Physics-Inspired Machine Learning

One of the general goals in our methodological development is to incorporate physics-based modeling ideas into machine-learning models of chemistry and materials.  This takes the form of both learning complicated properties, such as those related to the electronic structure of a material, and of building models that reflect basic physical ideas, such as locality and range separation.

Machine-learning for electronic structure

Decomposition of a single-particle Hamiltonian in blocks with irreducible symmetry to facilitate equivariant machine learning

We develop strategies to learn key electronic properties, like the electronic density of states or the electronic charge density, that can be combined with physical theories to predict further observables. Another direction we pursue is to target, in a symmetry-adapted fashion, the effective single-particle Hamiltonian of a system, usually expressed on an atomic-orbital basis.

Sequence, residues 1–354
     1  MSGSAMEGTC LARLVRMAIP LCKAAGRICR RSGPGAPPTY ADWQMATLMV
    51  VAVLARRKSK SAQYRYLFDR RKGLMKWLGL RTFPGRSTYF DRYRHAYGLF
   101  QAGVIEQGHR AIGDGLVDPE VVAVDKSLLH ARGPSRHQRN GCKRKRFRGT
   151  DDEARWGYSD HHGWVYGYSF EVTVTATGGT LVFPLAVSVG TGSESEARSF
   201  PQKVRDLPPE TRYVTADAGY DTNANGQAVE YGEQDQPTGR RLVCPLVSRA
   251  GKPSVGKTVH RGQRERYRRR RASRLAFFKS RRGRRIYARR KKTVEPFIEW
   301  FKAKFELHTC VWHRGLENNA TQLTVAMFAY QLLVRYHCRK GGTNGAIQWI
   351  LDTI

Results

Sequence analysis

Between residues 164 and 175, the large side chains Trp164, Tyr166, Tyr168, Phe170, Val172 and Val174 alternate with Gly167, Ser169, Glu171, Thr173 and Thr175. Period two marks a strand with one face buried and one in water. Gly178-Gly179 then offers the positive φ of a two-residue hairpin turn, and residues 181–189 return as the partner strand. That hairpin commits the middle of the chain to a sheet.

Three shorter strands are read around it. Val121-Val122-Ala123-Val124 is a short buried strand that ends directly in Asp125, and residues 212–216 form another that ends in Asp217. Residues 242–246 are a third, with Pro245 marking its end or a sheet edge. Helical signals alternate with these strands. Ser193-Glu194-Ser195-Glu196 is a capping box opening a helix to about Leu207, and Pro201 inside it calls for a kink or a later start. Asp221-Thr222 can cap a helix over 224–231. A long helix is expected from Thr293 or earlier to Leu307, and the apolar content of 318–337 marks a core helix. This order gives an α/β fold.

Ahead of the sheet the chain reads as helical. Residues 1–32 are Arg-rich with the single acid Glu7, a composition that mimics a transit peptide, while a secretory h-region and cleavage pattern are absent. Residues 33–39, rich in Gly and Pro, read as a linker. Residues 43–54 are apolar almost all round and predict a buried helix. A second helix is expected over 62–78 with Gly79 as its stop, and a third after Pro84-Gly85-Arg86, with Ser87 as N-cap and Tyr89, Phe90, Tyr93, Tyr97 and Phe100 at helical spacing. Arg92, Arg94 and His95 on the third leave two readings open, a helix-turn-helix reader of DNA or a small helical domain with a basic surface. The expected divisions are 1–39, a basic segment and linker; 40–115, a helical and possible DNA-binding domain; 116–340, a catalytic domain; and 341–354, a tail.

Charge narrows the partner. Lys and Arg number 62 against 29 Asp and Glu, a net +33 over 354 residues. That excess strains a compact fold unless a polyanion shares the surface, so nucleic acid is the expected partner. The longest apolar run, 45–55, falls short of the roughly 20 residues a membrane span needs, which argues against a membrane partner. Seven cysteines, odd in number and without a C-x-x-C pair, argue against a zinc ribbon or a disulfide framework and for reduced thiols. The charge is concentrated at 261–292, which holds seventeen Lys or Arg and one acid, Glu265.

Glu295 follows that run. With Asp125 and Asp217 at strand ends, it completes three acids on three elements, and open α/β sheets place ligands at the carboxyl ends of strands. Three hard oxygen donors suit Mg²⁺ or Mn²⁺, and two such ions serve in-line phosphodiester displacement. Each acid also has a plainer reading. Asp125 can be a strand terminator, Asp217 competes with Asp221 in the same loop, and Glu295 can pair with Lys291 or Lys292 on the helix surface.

Locality and long-range physics modeling

Examples range from the inclusion, in machine learning models, of electronic excitations effects on the phase diagrams of metals and warm dense matter to the prediction of electrostatic screening properties of liquid electrolytes under finite electric fields. We also develop new approaches to capture long-range (Coulomb) interactions into machine learning models while keeping a description based on local environments.

By transforming the atom density through appropriate interaction-dependent reciprocal-space kernels, the long-distance equivariant framework provides a suitable basis to incorporate long-range, non-bonded interactions into machine-learning models of matter.

This line of research has strong interconnection with the FIAMMA grant funded under the Horizon 2020 program of the European Research Council.